Couple of weeks back Microsoft’s HealthVault announced a strategic partnership with McKesson’ RelayHealth for which I wrote a short post. Following up on the announcement, I recently had the opportunity to speak with RelayHealth’s General Manager, Ken Tarkoff, who provided further background on this partnership.
Key Points from Interview:
A strategic partnership, there is co-development commitment to create new capabilities. One of those capabilities will be a “HealthVault Provider Directory” listing providers currently using RelayHealth that one can access through HealthVault. Another will be the ability to enable bi-directional data flow between RelayHealth and HealthVault. As there are literally thousands of physicians using RelayHealth today, this has the potential to significantly increase the clinical data that a consumer may control within their HealthVault account, data provided by their RelayHealth-enabled physician. This capability will be available in about 6-9 months.
One can also expect these two partners to work closely on enabling RelayHealth to accept biometric data (something it cannot do today) from a consumer’s HealthVault account. This will go along way towards enabling telehealth within RelayHealth that physicians could leverage to further their value proposition to the end consumer.
Last and certainly not least, I believe these these two will work on developing the capability to enable a consumer to initiate secure communications from within their HealthVault account to schedule appointments, request prescription refills and even have an e-Consult, or in RelayHealth parlance, a webVisit.
Partnership extends beyond co-development and includes leveraging respective channels to market. RelayHealth has no intention of going direct to consumer, they target physicians and to a lesser extent health plans. Microsoft knows consumer marketing. Together, they will go to these markets to gain market acceptance and growth.
This is not exclusive and RelayHealth will be seeking partnerships with other Personal Health Systems, e.g., Google Health.
RelayHealth is now in the process of identifying a select group of physician practices (>10) as part of an early adopter program. These early adopters will assist in development by providing critical feedback over the next 6-12 months.
Putting on my analyst hat…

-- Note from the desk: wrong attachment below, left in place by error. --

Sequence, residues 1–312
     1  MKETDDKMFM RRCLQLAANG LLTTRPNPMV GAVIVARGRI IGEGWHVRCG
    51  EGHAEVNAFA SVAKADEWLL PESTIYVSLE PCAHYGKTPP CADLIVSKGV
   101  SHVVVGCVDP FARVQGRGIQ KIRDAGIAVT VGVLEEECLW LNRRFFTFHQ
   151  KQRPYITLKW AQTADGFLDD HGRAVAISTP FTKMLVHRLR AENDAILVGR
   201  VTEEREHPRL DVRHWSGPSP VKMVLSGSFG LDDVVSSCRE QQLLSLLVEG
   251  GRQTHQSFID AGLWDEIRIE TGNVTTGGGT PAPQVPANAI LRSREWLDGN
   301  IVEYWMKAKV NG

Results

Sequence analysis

I have the following observations:
Secure, digital communication is a feature that is highly valued by many consumers, but something that to date has not been readily enabled within any of the PHSs. Sure there is Medem who sells to physicians a communication platform and is a partner of HealthVault as well, but their platform is not as sophisticated as the one from RelayHealth and their market penetration is small. Kryptiq is another HealthVault partner who also provides similar functionality, but does not have near the presence or installed base of RelayHealth. With RelayHealth, Microsoft has signed on one of the largest, pseudo-independent, (it is a part of McKeson but is installed in a multitude of different EMR environments) physician-consumer communication providers in the market. This has the potential to significantly increase the cache of HealthVault among the physician community.
RelayHealth in turn now has the opportunity, through strategic co-development, to build some pretty exciting capabilities into the RelayHealth platform that leverage the HealthVault data repository. Primary among them is the ability to accept biometric data, but beyond that, there is an ability or the consumer to share a more complete record that is stored in HealthVault with their physician via RelayHealth. This may become a significant value-add for their physician customers as it enables physicians to extend their service offerings via telehealth services as well as provide a higher level of service.
For the consumer and the physician, the future ability to have bi-directional flow of data into and out of a consumer’s HealthVault account (of course the consumer would initiate such actions) will significantly contribute to automating workflow for both parties by auto-populating specific data fields increasing data liquidity. Without the data, actions can not be instigated and the goal here, be it care, disease or wellness management is to provide actionable data.
The most significant challenge that both will face is to get physicians comfortable with sharing data beyond the confines of their practice. It is one thing to share data in the secure RelayHealth environment that physicians use today, quite another to get physicians comfortable with the idea of moving that data into a consumer-controlled environment such as HealthVault.
While flying down to DC earlier this week, I sat next to Brian, a systems engineer from MITRE. We got to talking when I asked him about his iPhone, which led to discussions of HIT and ultimately learned that his physician practice uses RelayHealth, which he really appreciates as it simplifies interaction with his physician.
Using the iPhone, we went to his physician practice’s website and onto the RelayHealth portion. He added the link to his iPhone creating a small icon of the website. Pretty slick but could have been much better as the icon was tiny, ill-descriptive and certainly not optimized for the iPhone.
Brian tells me the Apple SDK is very elegant and it is quite easy to develop apps for the iPhone. So RelayHealth, when will you have a special iPhone app that one can pick-up at the AppStore?